They were well beaten in the scrums and while they gave as good as they got in the collisions, gradually the bigger Fijian boys came out on top.

            There is clearly some promising talent in there, Emmanuel Meafou has ability, Vailanu at flanker was very good, and the wingers Ratu and Tupou both have plenty of pace. Hunter Paisami gave it everything – he and Tuipolotu look like a decent centre combination.

            Was surprised Esei Ha’angana didn’t start, after a couple of good run-ons for the Rebels.
            And Jack McGregor at flyhalf was very willing for a small bloke – although the bloke he came up against, Nacebe looks like a special player.

            • Roar Guru

              September 11th 2017 @ 11:34am
              Train Without A Station said | September 11th 2017 @ 11:34am | ! Report

              Hunter has played well the last 2 games but was really outplayed by Eli Vole in the trial match.

              But I don’t think Eli had the level of conditioning required for NRC unfortunately.

              Mahe is such a good footballer. At first surprising to seem him played at 7 having only seen him play hooker, or prop for 20s but I think it suits him. He’s very much in the mould of a skilled attacking 7 like Smith or Hooper.

              The only experienced club players I can think of in the squad are Taufa and Kolio.

              The Dewar Shield is really behind SS and QPR on game speed, but probably a step up physically. I imagine a few quality players over the age of 23 got a bit of a wake up call when the training squad was announced and would see that if they were in decent condition, they’d be close to it.

              A lot of players in there were inferior on talent, but have a much more professional attitude and that’s why they were looked at.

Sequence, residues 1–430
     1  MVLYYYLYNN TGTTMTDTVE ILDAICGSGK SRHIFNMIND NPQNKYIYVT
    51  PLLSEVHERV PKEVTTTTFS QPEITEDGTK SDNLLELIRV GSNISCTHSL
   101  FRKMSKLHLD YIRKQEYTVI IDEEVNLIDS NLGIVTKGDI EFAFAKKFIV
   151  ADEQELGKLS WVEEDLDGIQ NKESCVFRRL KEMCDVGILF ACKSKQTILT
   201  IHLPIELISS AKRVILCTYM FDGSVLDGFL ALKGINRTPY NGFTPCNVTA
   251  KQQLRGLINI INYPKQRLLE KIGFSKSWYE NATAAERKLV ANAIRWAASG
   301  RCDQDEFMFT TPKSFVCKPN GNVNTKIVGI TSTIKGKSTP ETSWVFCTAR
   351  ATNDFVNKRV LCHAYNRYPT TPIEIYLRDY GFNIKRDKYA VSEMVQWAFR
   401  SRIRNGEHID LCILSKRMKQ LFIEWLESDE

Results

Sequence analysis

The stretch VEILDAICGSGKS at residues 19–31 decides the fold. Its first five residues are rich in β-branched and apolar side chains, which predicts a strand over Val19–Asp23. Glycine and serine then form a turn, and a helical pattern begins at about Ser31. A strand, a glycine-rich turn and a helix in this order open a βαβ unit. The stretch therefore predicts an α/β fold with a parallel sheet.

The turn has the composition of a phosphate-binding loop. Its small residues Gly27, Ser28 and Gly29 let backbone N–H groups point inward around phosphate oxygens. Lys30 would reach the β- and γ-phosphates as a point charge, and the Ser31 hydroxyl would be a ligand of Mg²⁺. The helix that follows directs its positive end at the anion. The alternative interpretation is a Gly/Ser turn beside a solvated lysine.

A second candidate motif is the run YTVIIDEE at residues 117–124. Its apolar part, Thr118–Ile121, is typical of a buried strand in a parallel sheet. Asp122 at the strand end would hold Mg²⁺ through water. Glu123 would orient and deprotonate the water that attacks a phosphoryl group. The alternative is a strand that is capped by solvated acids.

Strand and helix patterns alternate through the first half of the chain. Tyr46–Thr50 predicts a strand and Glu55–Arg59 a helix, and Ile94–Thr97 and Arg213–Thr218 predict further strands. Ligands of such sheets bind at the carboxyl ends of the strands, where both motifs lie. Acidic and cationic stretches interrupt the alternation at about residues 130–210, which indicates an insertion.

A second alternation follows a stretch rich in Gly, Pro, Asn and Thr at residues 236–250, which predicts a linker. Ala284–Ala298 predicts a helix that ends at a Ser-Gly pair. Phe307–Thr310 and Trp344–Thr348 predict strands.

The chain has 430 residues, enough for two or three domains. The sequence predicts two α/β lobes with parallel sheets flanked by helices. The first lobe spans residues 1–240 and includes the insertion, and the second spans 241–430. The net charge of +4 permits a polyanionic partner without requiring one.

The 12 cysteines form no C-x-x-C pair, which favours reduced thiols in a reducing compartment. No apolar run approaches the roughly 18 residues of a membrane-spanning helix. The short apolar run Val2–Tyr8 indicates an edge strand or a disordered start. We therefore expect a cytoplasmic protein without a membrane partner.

• Columnist

                September 11th 2017 @ 12:46pm
                Geoff Parkes said | September 11th 2017 @ 12:46pm | ! Report

                That’s a good point, and another reason why the NRC is so important.

                It’s a bridge to professional rugby and a necessary point where players are sorted into those who have the total package to potentially become professional, and those who, for various reasons, are just good club players.

            • Roar Pro

              September 11th 2017 @ 4:42pm
              Crazy Horse said | September 11th 2017 @ 4:42pm | ! Report

              I’m very impressed with McGregor. Definitely one to watch.

              • Columnist

                September 11th 2017 @ 5:55pm
                Geoff Parkes said | September 11th 2017 @ 5:55pm | ! Report

                He’s definitely worth a close look CH.

                The thing is though, we’re unlikely to find out from the NRC if he has a kicking game or not. That’s probably one negative that stands out with this competition. It’s great to see the positive attitude towards running rugby, but it’s to such an extent that it’s not really preparing players for higher up where kicking is a bigger part of the game.